Well, enough about the history. As artifacts, the kilns are beautiful structures. There’s something about them that seems almost monastic. It might be the vaulted ceilings and the acoustics when one is standing inside. It could be the way the golden desert sunlight glows in the arched doorways and the single high opening to the back. It could also have much to do with the secluded location. Somehow, it’s difficult to imagine them jammed full of smouldering pinyon logs. When active, it must have been a busy place, with people loading and unloading wood and charcoal. Now, there is just the sound of wind circulating through the kilns and the occasional echo of a voice or footstep. I must admit to being a somewhat surprised at how little time the visitors who trickled in and out would spend examining the kilns. Most drove up, snapped a few photos of themselves by the front door of a couple of domes closest to the parking lot, jumped back in their vehicles and drove away. While several groups came and went, I wandered slowly in and out of each kiln, examining the workmanship, finding many wonderful stones laid in the mortar, and thoroughly fascinated at how often the air vents along the bottom lined up with a vent on the opposite side of the dome. I have no idea if the pointed stones protruding near the peaks of the domes have any practical purpose, but they add just a touch of whimsy to the overall appearance.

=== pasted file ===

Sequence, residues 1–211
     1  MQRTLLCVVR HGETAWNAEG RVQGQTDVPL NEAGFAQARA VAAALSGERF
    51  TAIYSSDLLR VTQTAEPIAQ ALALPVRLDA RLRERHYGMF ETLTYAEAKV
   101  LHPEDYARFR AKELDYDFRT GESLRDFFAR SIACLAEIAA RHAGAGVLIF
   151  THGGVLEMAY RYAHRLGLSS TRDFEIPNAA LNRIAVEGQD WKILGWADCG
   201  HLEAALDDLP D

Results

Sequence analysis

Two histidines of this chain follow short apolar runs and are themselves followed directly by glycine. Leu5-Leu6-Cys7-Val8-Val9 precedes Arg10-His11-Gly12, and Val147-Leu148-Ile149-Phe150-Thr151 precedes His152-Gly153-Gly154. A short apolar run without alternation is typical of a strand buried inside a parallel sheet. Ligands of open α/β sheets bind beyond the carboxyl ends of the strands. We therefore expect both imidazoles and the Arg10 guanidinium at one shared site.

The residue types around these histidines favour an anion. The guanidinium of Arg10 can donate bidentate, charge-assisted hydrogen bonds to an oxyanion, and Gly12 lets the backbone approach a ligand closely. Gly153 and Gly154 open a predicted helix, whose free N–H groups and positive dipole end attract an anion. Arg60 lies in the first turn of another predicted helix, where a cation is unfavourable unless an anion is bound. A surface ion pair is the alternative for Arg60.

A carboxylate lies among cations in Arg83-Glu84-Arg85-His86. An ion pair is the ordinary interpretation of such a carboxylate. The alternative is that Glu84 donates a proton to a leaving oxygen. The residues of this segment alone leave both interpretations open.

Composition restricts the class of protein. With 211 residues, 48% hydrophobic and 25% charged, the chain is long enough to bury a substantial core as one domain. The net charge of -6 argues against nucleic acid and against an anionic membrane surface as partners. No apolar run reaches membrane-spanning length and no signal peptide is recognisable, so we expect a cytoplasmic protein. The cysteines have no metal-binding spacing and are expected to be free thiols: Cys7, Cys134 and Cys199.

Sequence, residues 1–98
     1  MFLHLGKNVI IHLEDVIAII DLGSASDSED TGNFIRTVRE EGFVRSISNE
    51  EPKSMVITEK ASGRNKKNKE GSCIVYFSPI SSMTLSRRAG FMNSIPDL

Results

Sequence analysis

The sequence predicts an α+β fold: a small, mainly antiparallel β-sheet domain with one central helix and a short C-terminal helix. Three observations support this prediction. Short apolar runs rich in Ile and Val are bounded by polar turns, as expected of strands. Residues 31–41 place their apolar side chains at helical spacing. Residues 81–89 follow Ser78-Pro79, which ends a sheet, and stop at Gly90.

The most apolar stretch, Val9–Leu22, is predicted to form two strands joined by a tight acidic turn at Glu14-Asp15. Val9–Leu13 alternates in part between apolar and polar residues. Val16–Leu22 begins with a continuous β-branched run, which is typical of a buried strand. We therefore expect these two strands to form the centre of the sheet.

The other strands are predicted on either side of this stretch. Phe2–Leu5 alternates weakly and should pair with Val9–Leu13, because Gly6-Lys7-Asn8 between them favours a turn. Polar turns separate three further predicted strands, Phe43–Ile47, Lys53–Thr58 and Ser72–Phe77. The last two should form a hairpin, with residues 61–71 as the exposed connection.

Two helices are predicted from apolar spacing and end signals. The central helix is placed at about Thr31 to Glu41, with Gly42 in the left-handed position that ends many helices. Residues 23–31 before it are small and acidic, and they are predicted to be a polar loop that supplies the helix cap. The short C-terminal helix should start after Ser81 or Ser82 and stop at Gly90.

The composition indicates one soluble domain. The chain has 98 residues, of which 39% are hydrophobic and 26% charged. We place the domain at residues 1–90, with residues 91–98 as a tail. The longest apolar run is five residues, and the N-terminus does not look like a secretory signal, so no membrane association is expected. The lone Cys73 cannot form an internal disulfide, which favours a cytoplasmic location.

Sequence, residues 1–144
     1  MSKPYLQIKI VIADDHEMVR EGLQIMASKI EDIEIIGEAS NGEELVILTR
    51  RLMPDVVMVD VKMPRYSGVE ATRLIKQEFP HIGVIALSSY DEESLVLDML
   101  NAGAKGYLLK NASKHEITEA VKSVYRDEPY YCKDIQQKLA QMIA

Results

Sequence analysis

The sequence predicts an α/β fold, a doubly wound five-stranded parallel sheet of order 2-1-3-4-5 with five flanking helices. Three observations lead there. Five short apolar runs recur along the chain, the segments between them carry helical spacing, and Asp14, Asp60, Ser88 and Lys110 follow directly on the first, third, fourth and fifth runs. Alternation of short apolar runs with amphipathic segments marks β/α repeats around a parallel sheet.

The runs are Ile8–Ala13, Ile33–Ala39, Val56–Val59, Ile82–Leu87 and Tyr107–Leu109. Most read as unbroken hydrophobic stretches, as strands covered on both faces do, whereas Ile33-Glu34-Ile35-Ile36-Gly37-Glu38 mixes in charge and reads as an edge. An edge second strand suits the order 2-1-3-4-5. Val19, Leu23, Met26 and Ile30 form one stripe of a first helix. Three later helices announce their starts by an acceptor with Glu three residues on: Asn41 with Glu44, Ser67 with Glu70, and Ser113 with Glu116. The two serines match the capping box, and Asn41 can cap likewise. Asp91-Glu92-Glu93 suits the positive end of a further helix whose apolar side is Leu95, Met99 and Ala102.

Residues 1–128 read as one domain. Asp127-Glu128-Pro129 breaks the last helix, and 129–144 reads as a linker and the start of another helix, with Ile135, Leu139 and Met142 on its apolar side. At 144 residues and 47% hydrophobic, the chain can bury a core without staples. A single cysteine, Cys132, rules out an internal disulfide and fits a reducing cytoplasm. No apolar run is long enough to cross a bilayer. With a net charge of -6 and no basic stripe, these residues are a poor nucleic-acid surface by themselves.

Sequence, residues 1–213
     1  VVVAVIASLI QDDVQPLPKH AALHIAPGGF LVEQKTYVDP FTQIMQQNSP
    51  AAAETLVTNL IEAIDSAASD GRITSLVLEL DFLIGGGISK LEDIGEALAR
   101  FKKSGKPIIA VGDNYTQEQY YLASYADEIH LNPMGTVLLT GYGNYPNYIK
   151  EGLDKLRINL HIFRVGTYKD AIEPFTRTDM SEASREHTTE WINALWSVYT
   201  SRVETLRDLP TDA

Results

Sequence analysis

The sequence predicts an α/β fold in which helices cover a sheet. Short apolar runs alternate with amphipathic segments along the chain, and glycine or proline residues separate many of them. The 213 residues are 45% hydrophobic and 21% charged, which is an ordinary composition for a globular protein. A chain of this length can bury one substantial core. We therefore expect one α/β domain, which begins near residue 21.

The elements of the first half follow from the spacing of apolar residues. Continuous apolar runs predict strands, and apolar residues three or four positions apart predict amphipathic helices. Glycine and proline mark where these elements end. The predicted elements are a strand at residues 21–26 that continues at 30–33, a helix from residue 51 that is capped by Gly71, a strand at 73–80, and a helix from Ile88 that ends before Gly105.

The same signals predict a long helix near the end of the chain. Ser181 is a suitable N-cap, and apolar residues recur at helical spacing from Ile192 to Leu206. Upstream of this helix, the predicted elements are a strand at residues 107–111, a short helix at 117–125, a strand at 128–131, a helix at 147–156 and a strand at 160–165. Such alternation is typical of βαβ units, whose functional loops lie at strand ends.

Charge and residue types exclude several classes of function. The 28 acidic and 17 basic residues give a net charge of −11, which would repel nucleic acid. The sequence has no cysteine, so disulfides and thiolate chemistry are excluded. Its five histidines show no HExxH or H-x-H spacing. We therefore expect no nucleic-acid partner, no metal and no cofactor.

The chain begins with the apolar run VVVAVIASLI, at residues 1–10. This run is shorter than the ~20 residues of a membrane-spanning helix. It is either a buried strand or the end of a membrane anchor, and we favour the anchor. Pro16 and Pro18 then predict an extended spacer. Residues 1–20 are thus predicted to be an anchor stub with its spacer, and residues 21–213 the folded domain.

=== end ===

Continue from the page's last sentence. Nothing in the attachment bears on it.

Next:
I should make mention of the Wildrose Peak Trail which departs from the parking area for the kilns. It is 4.2 miles one way to the 9,064 foot summit. We didn’t do the hike as dogs are not allowed on trails within Death Valley Monument. On our return from the kilns to the campground, we stopped at the section of pipe mounted next to a sign describing the Skidoo water pipeline. It reads: The Skidoo Pipeline can be seen either north or south of this location. The pipeline, which ran from Birch Spring in Jail Canyon, to the Skidoo millsite 23 miles away, was completed in 1907 at a cost of $250,000. There is some speculation that the slang phrase 23 skidoo may have had its origin in Death Valley:
Death Valley National Park Service interpreters have sometimes given as an explanation that the early 1900s mining town of Skidoo, California required that a water line be dug from the source of water on Telescope Peak to the town – a distance of 23 miles. Most thought it would be easy, but the immensely hard rock along the course made it very difficult; it was eventually accomplished by a determined engineer. The term “23 Skidoo” was then used as a statement of irony, something like “duck soup”: a reference to something ‘apparently easy,’ but actually very difficult.
Whatever, the view down Wildrose Canyon with the Panamint Range beyond is really pretty stunning.